In a sense it seems obvious to design a watch around Bauhaus principles. As its central axiom, the Bauhaus movement attempted a unification of individual artistic vision with principles of mass production and everyday function. Think of it this way, any object designed under Bauhaus principles should look aesthetically complete but equally functional in its form. Also known as the International Style, it was characterised by the absence of ornamentation and the harmony between the purpose of an object or a building and its design.
Formed in Germany just after WWI by initiative of architect Walter Gropius and with the participation of international names like Alvar Aalto, Ludwig Mies van der Rohe, Le Corbusier and Frank Lloyd Wright, the Bauhaus School became a major influence not only on modernist architecture but also on the design and function of many everyday objects, wrist watches included. A central part of the curriculum for the Bauhaus School was to unify art, craft and technology. Despite its short existence (from 1919 until 1933 when it was disbanded because of the Nazi Party’s rise to power), it continues to influence design acumen in modern form.
Wind the clock forward (pun intended) to the fall of the Berlin Wall (1990), two months after Roland Schwertner founded Nomos Glashutte S.A. specialising in mechanical watches. The first collection and the blueprint for their design was drawn up by Susanne Günther, who was influenced by the Bauhaus purist style. Ever since, Nomos watches have been known for their clean and modernist aesthetic.
Less is more– Roland Schwertner
Furthermore, Nomos are also a member of the Deutscher Werkbund: a German association of artists, architects, designers, and industrialists. Like the Bauhaus School, although not as famous, the Werkbund became an important element in the development of modern architecture and industrial design. Its initial purpose and still arguably something the modern watchmaking industry strives for, was to establish a partnership of product manufacturers with design professionals in an effort to integrate traditional crafts and industrial mass production techniques. It was founded in 1907, to put Germany on a competitive footing with England and the United States.
With Bauhaus principles influencing the way designers thought about everyday objects, the Werkbund came to be regarded as the authoritative body on questions of design in Germany. The nexus of the two institutions raised fundamental questions of craftsmanship versus mass production, the relationship of usefulness and beauty, the utilitarian purpose of formal beauty in a commonplace object, and whether or not a single proper form for something could exist. All of which is displayed in the functional, yet elegant designs of Nomos watches.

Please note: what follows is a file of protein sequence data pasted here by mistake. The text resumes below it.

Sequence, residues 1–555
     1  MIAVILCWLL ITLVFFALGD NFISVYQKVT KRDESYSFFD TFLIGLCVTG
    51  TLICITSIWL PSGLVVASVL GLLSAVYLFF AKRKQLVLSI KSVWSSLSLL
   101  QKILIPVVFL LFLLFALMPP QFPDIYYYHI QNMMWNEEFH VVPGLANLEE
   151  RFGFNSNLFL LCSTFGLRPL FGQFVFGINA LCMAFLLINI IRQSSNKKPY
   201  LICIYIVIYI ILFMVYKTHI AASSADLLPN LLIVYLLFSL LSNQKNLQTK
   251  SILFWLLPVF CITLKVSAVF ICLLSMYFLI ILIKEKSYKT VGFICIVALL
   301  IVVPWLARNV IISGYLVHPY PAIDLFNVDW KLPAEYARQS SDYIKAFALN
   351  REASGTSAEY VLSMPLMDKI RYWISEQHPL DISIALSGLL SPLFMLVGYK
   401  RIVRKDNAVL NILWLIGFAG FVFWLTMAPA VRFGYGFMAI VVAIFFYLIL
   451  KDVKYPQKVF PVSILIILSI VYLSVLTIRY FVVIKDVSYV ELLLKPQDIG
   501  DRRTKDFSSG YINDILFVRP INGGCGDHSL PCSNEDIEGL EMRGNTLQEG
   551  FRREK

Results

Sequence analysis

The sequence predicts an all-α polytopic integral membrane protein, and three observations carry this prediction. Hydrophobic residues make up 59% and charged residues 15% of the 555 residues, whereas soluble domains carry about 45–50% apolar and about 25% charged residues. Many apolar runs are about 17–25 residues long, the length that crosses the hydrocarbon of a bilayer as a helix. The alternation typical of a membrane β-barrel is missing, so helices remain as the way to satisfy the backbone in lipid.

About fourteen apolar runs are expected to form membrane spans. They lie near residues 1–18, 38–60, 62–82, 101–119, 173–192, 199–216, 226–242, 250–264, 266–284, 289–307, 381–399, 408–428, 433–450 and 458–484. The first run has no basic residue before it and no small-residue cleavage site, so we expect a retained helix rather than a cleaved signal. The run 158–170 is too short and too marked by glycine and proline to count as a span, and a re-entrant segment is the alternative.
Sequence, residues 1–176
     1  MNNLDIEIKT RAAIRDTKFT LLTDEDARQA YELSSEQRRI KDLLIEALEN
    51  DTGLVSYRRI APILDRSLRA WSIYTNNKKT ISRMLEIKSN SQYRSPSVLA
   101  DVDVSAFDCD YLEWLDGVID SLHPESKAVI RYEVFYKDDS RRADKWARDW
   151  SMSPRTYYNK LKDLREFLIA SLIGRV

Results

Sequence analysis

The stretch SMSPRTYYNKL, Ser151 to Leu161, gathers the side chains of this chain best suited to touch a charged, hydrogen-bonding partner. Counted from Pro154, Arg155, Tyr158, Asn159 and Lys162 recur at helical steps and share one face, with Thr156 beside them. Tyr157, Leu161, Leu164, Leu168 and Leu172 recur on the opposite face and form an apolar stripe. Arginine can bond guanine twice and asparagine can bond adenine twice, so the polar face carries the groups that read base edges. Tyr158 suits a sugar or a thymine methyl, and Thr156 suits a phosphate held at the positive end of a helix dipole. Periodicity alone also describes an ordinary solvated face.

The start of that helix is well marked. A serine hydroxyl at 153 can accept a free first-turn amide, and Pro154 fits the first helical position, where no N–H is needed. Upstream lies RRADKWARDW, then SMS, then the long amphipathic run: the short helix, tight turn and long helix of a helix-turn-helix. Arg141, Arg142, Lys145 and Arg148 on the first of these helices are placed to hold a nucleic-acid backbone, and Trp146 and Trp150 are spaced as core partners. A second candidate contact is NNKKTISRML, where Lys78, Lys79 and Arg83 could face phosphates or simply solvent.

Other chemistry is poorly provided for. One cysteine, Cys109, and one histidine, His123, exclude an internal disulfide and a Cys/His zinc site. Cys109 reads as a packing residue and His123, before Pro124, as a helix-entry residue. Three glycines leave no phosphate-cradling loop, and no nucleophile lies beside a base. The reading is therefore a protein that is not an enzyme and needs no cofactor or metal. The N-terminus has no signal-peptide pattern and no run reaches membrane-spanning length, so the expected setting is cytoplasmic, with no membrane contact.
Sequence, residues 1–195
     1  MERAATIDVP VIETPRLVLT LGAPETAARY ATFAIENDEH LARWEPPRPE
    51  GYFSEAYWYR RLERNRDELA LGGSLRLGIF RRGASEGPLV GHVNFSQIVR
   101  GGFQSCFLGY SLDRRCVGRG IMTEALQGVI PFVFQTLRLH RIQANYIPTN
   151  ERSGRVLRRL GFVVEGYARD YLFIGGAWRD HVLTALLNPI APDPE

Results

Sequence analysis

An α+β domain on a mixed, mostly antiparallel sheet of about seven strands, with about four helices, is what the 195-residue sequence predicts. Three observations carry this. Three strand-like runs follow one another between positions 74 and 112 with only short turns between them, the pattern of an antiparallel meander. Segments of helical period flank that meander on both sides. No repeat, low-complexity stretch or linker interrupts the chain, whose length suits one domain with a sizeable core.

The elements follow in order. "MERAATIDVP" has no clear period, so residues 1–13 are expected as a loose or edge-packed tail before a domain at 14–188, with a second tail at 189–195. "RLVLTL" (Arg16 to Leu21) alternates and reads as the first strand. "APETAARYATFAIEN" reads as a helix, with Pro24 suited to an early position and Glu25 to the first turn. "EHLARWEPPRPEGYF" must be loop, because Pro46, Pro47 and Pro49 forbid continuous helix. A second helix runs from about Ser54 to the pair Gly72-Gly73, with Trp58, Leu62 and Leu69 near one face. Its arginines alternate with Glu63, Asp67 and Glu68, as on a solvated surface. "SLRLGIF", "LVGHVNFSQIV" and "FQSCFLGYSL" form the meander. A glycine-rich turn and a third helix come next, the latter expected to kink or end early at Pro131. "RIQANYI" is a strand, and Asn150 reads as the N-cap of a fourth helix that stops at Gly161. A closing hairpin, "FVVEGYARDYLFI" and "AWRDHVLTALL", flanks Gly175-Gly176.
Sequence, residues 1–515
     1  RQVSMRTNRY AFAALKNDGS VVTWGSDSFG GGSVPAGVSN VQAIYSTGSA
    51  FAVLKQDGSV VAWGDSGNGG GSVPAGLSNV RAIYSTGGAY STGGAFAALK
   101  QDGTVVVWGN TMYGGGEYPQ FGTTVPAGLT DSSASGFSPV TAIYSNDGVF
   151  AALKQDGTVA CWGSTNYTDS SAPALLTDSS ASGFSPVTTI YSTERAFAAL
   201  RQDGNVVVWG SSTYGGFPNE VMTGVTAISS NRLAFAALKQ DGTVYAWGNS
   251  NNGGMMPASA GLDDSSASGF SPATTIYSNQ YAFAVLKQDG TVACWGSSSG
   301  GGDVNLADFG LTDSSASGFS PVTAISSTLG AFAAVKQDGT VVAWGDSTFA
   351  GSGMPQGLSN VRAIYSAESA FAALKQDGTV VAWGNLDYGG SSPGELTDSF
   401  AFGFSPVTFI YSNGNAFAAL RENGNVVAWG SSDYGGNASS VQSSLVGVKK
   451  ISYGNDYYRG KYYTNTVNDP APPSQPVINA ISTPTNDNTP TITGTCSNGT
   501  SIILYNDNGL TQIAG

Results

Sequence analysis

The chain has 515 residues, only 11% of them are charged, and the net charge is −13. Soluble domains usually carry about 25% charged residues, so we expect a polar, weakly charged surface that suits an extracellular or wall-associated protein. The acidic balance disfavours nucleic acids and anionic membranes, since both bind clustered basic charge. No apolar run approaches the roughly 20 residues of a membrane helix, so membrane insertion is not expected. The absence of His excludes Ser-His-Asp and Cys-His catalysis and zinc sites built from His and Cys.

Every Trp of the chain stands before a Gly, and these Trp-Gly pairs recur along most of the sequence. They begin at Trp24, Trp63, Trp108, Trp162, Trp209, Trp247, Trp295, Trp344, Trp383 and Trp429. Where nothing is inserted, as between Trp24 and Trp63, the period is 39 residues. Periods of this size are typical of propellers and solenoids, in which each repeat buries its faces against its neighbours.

There is nothing superfluous or ornate about their dials or movements: The numerals or markers are elegantly spaced out; complications, such as a world time are included in an erudite and functional manner; the time can be read quickly because of the legibility of the hands and the dial layout. Equally, the watch mechanism contains no embellishment other than what is needed to fulfil its purpose. Movement decoration, seen by most in the watchmaking business as a way to enhance the mechanism, is at Nomos a practical requirement to help ensure longevity and precision in timekeeping.
Following the Bauhaus style and the clean legible dials, Nomos produce a whole range of mechanical watches, from a world time to a mechanical time only watch. Their most recent timepieces are archetypal examples of their range and philosophy in design, taking four of their watch ranges and producing midnight blue dials, white gold numerals or markers, and offset with a vibrant red second hand. The independent company produces all of its movements in-house and can boast that it is currently Germany’s largest manufacturer of mechanical watches by volume. It might be minimalist in approach, but it is a company that just gets the details right.
The Tangente is a near perfect expression of Nomos design axioms demonstrating the Bauhaus philosophy. Every part of the watch is in proportion, from the diameter of the case to the length of the hands and the spacing of the numbers and markers. The dial comes in a number of different colours, including a peerless white and a beautiful shade of midnight blue. The combination of parred down design and function underscores minimalist impression of the watch while giving it a unique elegance rooted in historical Bauhaus graphic design. If the dial and overall look of the watch appear to have a vintage aesthetic, there is good reason for it: the style and typography for the Bauhaus design in watches predates Nomos.
In the 1930s, watch models from a variety of German brands had virtually identical dials. Watchmaking was different at that time; brand identity was rare. Dial making was a specialised trade and most manufacturers bought them from the same firm. The design of dial that now appears on the Tangente was produced by the German company Weber & Baral in Pforzheim in the 1930s in an almost identical form, which found use at the time in German watch firms A. Lange & Söhne in Glashütte and Stowa in the Black Forest.
What separates Nomos from other high-end watch manufacturers is not only their no-nonsense Bauhaus influenced design acumen, but the application of the same philosophy to their pricing. Their watches represent some of the best value for money on the haute horlogerie market. They are functional, ergonomic and beautifully presented. And because of the Bauhaus influence, essentially timeless, with none of the vagaries of fashion. They represent a tried and known formula in how to manufacture a watch that tells the time, is functional and will look good now and in the years to come.